The two Old Town Alexandria residents are getting back to their roots with Sonoma Cellar, which had a few days of soft service and will re-open tomorrow with Restaurant Week specials.

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Hungry for Linkage: Newcomers Old 690, Spencer Devon, Heritage and Adroit Theory among Virginia Craft Brewers Cup winners

Posted by / Monday, August 24th, 2015

Clockwise: Port City Brewing Company (Photography by Rey Lopez); Androit Theory Brewing Company (Photography by Rey Lopez); Courtesy of Old Bust Head Brewing Company; Courtesy of Heritage Brewing Co.; Courtesy of Mad Fox Brewing Company

Clockwise: Port City Brewing Company (Photography by Rey Lopez); Androit Theory Brewing Company (Photography by Rey Lopez); Courtesy of Old Bust Head Brewing Company; Courtesy of Heritage Brewing Co.; Courtesy of Mad Fox Brewing Company

Winners of the 2015 Virginia Craft Brewers Cup include NoVA’s Port City Brewing Company, Old 690 Brewing CompanyCapitol City Brewing CompanySpencer Devon BrewingHeritage Brewing CompanyMad Fox Brewing Company, Adroit Theory Brewing Company and Lost Rhino Brewing[Richmond Times Dispatch, full list of winners]

The case against salad. [WaPo]

Tales from serving the super-rich. [NYT]

Grill your pickle. [Bon Appetit]

Tired of crabs? Here’s what to do with lobsters. [Lucky Peach]


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DAK Chicken opens today in Shirlington

Posted by / Friday, August 21st, 2015

DAK Chicken

Photos courtesy of DAK Chicken

By Emily Cook

Shirlington’s Korean void—left by Bonsai Grill’s closure this May—is now filled by DAK Chicken. DAK opens tonight.

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Toolkit: Edamame

Posted by / Friday, August 21st, 2015

High in protein, fiber, calcium and vitamins, edamame is more than a legume dipped in soy sauce.

By Emily Cook

 

Sakarin Sawasdinaka/shutterstock.com

Sakarin Sawasdinaka/shutterstock.com

SAVOR
Cross-cultural hummus
Using the supporting characters from a traditional hummus—tahini, lemon juice, olive oil and garlic—the star of Bistro 360’s version is not chickpea, but edamame. “What we’re trying to do at 360 is introduce people to tastes from around the world, many of which they may not have had,” says the Arlington restaurant’s owner, Art Hauptman. Here, edamame hummus fuses two cultures by integrating hummus native to the Middle East with the Japanese soybean.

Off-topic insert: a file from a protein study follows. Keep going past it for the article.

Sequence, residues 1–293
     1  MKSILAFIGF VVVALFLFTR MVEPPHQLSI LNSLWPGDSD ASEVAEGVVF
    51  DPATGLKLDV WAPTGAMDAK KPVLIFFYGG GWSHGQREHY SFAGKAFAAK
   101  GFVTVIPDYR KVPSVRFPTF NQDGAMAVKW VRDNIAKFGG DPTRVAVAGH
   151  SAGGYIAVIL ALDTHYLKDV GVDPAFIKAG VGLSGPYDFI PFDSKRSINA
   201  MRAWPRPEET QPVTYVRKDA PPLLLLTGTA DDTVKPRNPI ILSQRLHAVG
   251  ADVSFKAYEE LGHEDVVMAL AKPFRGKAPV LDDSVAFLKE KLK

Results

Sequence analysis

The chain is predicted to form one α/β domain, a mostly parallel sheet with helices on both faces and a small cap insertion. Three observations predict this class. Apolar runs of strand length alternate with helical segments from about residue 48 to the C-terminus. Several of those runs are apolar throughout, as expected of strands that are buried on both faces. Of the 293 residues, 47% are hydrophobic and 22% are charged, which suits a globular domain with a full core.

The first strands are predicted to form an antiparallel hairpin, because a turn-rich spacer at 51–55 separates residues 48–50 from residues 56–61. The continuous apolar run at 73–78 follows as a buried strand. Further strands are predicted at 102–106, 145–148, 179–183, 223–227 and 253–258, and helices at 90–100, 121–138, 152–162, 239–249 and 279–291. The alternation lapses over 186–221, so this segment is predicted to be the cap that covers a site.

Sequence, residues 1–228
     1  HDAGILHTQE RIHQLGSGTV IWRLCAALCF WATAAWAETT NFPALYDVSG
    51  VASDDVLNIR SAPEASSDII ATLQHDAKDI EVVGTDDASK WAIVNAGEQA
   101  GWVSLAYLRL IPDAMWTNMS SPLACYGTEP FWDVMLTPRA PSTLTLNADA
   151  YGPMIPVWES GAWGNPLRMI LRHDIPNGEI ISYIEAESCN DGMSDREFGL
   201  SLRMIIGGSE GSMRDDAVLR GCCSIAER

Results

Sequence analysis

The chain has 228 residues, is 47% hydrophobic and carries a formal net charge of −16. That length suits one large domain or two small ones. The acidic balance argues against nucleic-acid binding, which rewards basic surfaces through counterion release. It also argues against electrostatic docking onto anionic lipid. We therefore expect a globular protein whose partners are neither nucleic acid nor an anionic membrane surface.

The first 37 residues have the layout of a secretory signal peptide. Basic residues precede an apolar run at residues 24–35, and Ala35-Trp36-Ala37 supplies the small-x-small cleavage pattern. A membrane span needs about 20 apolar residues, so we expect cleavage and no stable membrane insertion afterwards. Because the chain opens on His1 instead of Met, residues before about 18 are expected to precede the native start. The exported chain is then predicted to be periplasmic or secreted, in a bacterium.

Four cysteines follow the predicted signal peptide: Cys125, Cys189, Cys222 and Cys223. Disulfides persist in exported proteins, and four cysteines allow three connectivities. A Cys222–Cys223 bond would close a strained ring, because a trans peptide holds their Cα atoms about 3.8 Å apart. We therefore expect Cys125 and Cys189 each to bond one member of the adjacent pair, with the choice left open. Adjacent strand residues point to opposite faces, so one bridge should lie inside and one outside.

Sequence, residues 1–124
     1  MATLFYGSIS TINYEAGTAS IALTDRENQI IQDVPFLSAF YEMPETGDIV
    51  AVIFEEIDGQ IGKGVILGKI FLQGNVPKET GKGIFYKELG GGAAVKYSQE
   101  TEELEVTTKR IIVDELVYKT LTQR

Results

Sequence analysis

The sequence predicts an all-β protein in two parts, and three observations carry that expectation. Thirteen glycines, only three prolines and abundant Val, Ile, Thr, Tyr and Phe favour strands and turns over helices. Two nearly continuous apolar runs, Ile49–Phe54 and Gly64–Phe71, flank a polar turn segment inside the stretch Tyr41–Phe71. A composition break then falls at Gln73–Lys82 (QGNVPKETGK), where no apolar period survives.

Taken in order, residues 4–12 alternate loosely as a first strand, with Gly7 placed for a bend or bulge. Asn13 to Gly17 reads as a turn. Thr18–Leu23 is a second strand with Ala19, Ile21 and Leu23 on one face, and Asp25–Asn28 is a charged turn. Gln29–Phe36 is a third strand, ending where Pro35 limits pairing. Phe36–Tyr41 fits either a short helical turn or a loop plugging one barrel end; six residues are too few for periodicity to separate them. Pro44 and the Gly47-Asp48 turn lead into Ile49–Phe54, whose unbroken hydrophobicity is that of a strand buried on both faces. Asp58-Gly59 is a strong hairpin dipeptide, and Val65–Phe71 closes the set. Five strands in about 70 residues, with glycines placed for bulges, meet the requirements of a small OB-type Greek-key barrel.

SHOP
Firm, bright and green
Edamame can be found in many frozen food aisles, but fresh pods are also available at local farmers markets. Marc Grossman, owner of The Farm at Our House, sells his soybeans at Crystal City Freshfarm Market. When shopping, Grossman says, look for pods that are firm and not slimy. Edamame farmer Gwynn Hamilton, of Newport’s Stonecrop Farm, says to find pods with a bright green color. After returning home, rinse edamame—the fuzzy pods can collect pollen and dust—and allow them to dry. Store in the refrigerator in an airtight container, and they should last about a week.

STUDY
Naturally divine
The dry-roasted soybean was used as an offering in ancient Japanese Buddhist rituals as early as 927 A.D. because of edamame’s importance in the country’s diet. “Buddhists were thankful for everything that supported their life,” says William Shurtleff, author of “History of Soybeans and Soyfoods in Southeast Asia.” “They would fill the whole altar with these things,” says Shurtleff. Prayers would include sentiments like: “We are very grateful to have this. If we didn’t have any of this, we wouldn’t be here. We wouldn’t be able to survive.”

 

(August 2015)

 

 


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Hungry for Linkage: Purcellville residents angry with Old 690 Brewery

Posted by / Friday, August 21st, 2015

Ralf Beier/shutterstock.com

Ralf Beier/shutterstock.com

NIMBY-ism hits the beer scene in Purcellville. [Loudoun Times Mirror]

Twenty-six trends to know for 2015. [Bon Appetit]

Tomorrow: food specials and jazz to honor the 10-year anniversary of Hurricane Katrina at Bayou Bakery. [info]

There’s more to ketchup than Heinz. [Men’s Journal]

The Isabella-fication of the local restaurant scene. [WCP]